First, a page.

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Light: science & magic – book review

I read Light: Science & Magic during a return long-haul trip to Singapore – I thought a better use of time than watching a stream of films! It is an introduction to photographic lighting.

It is a technical book, written in a very accessible style and covers a wide range of areas relating to lighting: including basic principles, equipment, an examination of light itself, dealing with reflections, surface appearances and tricky subjects, and so on. The tools in the book are ‘the grammar and vocabulary of light’. It will no doubt become an important source of reference for me and I recommend it to other readers.

I include here a few ‘notes to self’ on important aspects to me at this stage:

  • ‘The eye can detect a very slight change in colour mixture, but the brain refused to admit the difference’. That is until we see a photo reproduced on the screen or in print. Our clever brains sort out unbalanced colours for us when we are within a live scene, but not when we are viewing images. Overall, the authors argue that it is better to correct light balance in camera if possible, rather than in post-production. An area to which I don’t pay enough attention – should carry and use grey card as a habit!
  • On contrast – a small light source produces hard shadows (all rays coming from one direction), whereas a large light source (rays enveloping the subject) produces soft shadows. Size is relative to the subject and its distance from the subject: for example the sun is a small light source because of its distance. Whereas the sun diffused through clouds is a large light source. It is the relationship that is important.
  • On subjects – different subjects react in different ways to light and require different treatments. They can either transmit, absorb, or reflect light. It is the reflective qualities that work on the camera.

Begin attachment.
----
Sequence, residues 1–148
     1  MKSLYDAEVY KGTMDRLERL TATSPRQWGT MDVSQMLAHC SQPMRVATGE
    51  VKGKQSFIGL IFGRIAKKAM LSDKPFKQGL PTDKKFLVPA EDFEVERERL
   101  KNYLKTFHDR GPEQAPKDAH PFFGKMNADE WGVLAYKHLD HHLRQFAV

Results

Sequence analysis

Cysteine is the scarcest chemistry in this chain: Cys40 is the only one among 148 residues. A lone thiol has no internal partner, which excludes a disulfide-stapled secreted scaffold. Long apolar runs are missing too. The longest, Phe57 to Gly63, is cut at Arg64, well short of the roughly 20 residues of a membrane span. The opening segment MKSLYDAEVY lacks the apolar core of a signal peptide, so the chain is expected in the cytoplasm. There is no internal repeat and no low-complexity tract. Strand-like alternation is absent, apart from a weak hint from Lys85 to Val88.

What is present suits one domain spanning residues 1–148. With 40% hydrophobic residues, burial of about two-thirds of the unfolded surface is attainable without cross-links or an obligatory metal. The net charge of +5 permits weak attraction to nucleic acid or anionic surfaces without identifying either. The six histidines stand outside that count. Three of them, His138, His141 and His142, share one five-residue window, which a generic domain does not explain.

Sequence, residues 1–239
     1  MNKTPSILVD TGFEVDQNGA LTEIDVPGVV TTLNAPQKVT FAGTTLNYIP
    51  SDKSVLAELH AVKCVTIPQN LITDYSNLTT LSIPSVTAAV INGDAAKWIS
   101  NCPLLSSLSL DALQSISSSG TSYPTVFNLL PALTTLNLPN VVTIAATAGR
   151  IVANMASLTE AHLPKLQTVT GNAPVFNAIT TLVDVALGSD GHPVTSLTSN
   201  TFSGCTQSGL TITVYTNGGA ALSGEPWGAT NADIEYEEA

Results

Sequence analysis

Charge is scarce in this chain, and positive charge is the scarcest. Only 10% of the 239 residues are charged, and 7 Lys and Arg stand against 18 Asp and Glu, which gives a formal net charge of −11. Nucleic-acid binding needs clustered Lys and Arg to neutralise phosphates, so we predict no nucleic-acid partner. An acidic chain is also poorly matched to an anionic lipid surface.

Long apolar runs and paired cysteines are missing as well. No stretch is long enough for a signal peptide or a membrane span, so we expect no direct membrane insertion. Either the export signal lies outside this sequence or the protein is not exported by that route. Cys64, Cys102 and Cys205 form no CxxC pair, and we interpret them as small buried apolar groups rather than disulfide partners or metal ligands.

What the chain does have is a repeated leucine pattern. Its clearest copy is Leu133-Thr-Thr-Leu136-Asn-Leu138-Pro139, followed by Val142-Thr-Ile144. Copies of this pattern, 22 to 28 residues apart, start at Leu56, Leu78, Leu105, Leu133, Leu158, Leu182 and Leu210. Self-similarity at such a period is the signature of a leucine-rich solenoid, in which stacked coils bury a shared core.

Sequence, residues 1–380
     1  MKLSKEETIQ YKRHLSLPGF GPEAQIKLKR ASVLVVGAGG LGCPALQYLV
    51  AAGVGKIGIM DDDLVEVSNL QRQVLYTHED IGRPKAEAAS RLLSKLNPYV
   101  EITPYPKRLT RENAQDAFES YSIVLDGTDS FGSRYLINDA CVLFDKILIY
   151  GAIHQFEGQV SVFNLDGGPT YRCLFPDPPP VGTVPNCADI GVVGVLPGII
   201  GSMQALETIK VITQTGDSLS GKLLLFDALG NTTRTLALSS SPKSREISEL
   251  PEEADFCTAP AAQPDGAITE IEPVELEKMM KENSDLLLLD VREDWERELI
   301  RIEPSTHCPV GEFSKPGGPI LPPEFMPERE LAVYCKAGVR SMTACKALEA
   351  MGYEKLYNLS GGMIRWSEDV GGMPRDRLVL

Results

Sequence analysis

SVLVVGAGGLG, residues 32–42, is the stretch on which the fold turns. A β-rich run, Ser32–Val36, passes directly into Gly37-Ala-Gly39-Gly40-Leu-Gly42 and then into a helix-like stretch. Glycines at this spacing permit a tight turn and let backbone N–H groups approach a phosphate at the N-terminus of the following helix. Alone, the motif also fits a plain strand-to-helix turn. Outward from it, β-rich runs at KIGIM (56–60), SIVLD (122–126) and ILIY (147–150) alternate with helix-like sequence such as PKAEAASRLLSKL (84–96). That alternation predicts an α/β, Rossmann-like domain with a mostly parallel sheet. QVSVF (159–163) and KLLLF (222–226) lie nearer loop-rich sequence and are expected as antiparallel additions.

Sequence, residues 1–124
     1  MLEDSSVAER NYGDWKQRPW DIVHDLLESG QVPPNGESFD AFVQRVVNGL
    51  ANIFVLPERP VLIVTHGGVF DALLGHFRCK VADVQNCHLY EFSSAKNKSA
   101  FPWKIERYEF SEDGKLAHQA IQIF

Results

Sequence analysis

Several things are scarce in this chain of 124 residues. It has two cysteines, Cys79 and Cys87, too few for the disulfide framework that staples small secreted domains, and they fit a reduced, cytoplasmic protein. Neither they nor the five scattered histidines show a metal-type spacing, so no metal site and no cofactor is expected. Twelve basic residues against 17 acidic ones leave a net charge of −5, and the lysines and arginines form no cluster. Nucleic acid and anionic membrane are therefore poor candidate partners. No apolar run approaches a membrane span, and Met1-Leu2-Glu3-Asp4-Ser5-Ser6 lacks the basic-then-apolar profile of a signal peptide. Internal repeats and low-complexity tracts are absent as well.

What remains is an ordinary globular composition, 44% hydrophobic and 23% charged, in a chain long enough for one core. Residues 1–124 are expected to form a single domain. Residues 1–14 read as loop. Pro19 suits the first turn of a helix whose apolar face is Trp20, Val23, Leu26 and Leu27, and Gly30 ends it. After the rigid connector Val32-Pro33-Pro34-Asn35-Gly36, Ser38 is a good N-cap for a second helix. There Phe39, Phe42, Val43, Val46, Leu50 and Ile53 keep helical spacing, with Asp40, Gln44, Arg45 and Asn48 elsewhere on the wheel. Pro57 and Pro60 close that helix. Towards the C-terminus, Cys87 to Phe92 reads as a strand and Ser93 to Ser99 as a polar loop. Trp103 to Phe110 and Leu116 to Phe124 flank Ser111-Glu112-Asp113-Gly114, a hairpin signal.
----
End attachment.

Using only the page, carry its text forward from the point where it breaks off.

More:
• When light is transmitted, refraction occurs as light passes from one medium to another. Diffuse transmission is where light rays are scattered in unpredictable directions (eg through white cloth / translucent materials). Direct transmission is where light more or less passes through (eg clear glass / transparent materials). Simple transmission cannot be photographed – there is no reflected light for the camera to capture.
  • Absorption – when a subject fully absorbs light, it cannot be photographed – think of the difficulty with black cats!
  • ‘Photographic lighting … is primarily and exercise in reflection management’.
  • Family of angles – deals with the angle of view within which the camera will record reflections (think snooker angles) and affects the desired placement of light sources for a given subject.
  • Portrait photography – full and useful discussion of lighting for this area of photography. Must revisit and practice.
  • Equipment – comprehensive discussion of this area and the options. Need to revisit once I’m familiar with the basic equipment I have already.

Above all, there is an emphasis on practice and application of theory to master photographic lighting.

End.

References

Hunter F, BIver S, Fuqua P (2015). Light: science & magic (5th Edition). Focal Press, New York & London.

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